Chapter VII: Somewhere in The Corner

I couldn’t watch him come back to life. I stared up, hoping to see Mother Mary; I wanted her to tell me the meth and the misery were gone forever. I wanted her to tell me to stop thinking about suicide, to stop worrying about his lost soul. I wanted her to tell me it was over. 

He choked and pulled at the bedsheets as the nurses shuffled around with stained plastic tubes. The room was heavy with life and chaos, and I thought about the day our son was born; and how he had almost died – hanging out of my insides like a fresh carcass, stripped of oxygen and hope. 

“Do not stop to breathe on this push – you just PUSH,” the doctor had demanded. Somewhere between the smell of torn flesh and hospital sheets, Derek had turned around – walked away from the purple crown and the breathless mother painting a tiny blue casket over the past nine months.  

“PUSH!” the doctor belted. The bed grew higher with each order and the nurses shoved and pressed my belly with grunts and steady strain. My hips were sturdy and the baby’s shoulders jammed on my insides.  

The doctor grabbed and tugged with latex gloves as blood and leftover flesh dripped into the bucket at her feet. The blue cord stretched thin at the mortal precipice, offering a reminder that existence is fragile, even before it’s been given a name. I moaned at the barrel of muscle pushing against the tiny shoulders. I bore down with all of my grief of a baby who never grew a heartbeat; I bore down with all of my life; and I bore down with screams and tears – with the last sounds my body could possibly give to a lifeless baby. Maybe I could push so hard that a transition of soul would commence. Maybe I could push so hard that our baby would not die, again.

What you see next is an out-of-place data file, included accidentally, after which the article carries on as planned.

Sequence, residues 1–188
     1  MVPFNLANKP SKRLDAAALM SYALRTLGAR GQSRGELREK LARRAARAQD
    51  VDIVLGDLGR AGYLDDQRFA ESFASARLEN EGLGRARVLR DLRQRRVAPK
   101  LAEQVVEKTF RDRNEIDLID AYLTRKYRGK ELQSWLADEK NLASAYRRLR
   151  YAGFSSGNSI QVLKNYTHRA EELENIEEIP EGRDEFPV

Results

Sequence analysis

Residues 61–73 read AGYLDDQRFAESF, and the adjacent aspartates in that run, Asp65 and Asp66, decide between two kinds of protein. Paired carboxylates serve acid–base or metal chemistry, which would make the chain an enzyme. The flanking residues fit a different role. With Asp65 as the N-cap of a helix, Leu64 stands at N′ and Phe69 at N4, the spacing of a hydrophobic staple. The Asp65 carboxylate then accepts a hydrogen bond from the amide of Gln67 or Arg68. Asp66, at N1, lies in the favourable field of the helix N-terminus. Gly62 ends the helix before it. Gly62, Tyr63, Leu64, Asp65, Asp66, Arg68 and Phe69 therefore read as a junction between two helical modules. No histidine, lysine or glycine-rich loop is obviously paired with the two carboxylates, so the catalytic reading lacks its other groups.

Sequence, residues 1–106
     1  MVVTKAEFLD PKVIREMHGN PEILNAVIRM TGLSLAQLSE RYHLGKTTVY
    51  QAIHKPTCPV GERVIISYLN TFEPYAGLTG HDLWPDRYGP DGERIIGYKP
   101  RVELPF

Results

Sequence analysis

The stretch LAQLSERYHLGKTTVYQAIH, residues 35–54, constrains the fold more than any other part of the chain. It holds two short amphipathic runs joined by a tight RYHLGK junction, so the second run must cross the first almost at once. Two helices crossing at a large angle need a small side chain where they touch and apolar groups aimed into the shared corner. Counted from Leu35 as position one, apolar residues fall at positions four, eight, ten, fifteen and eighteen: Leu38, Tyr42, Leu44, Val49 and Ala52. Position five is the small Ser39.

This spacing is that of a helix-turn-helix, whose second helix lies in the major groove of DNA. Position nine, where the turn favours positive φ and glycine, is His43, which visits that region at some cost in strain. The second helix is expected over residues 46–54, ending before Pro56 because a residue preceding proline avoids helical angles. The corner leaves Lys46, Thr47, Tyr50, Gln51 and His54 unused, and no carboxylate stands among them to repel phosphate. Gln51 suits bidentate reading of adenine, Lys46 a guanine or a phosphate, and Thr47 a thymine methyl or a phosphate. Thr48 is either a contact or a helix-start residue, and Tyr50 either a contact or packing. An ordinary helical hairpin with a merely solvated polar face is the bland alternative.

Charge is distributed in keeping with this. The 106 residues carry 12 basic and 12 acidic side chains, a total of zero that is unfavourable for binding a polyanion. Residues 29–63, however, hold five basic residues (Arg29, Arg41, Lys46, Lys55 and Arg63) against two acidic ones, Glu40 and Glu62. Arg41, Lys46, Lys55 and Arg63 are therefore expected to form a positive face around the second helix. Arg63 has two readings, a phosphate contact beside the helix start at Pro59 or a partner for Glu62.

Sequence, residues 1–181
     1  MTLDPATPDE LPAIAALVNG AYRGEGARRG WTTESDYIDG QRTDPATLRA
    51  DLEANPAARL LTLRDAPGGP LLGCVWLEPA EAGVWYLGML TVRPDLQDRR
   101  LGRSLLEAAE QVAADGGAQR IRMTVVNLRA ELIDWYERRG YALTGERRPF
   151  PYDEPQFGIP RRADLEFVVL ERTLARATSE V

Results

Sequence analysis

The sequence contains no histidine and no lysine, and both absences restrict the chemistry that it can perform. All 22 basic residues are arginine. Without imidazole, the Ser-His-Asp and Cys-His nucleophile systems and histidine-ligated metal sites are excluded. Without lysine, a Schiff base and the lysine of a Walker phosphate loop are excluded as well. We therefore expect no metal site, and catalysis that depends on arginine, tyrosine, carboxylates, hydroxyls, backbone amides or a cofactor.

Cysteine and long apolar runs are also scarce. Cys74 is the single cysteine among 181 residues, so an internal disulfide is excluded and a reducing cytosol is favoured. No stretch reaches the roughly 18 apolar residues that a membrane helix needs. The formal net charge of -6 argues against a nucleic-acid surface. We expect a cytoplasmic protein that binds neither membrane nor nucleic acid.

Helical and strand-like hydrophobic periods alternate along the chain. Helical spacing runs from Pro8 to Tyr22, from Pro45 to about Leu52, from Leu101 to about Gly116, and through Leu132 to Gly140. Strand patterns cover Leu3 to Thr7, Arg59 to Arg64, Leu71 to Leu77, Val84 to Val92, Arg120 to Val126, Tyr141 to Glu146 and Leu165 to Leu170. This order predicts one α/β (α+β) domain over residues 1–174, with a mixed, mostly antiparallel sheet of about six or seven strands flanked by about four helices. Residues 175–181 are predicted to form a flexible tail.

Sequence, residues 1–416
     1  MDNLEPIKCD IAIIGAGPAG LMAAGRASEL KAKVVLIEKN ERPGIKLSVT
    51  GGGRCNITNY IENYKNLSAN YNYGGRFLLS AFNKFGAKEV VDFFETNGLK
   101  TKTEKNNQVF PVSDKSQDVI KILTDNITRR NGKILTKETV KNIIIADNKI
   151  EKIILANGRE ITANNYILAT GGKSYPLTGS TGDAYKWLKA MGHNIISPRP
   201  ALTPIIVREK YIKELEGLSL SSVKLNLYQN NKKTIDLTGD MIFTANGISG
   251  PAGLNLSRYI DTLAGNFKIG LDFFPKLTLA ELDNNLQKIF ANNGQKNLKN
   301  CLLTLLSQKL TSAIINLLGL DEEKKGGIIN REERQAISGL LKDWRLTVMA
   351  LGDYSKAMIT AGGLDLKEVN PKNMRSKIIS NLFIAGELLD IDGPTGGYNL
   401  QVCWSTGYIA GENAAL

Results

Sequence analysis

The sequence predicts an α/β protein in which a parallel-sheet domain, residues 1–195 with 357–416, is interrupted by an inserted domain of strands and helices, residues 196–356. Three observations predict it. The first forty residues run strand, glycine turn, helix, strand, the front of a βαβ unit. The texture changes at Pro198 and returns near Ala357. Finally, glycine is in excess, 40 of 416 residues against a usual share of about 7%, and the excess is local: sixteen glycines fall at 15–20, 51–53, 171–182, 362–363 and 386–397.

I looked for him, in the room filled with bloody gowns and hurried nurses. I sifted through the pain for his silhouette I’d seen each night for eight years. I needed him to tell me the baby was okay. I needed him to tell me it wasn’t my fault. 

With a final push, I spun into black, drifted into a reality between nothing and something, and wandered back to life with the sound of his gentle voice.  

“Why is the baby not crying,” I mumbled, reaching for his hand, his chest, his lips. 

“They’ve taken him,” he sobbed, with a familiar apology of loss. 

I tried to find the floor between his tears, hoping the pink faced baby was crawling around on the floor, searching for us with a hungry howl.  

“He was too cold. They, they…I couldn’t look, babe. I’m so sorry. I, I, I walked over to the corner and I cried – I couldn’t stop crying, seeing him like that, but…but…” he struggled. 

He took a deep breath and wiped his face. My body shook at the tragedy. 

“But they got him out. There’s no brain damage, but he’s cold,” he paused. He grabbed my arm, twisted the latex tape like a prayer, and sighed, 

“She saved his life. He’s okay, babe. We have a baby and he is here. You did it.” 

He hung his head like he had years before, broken but standing, clinging to me with everything he had. 

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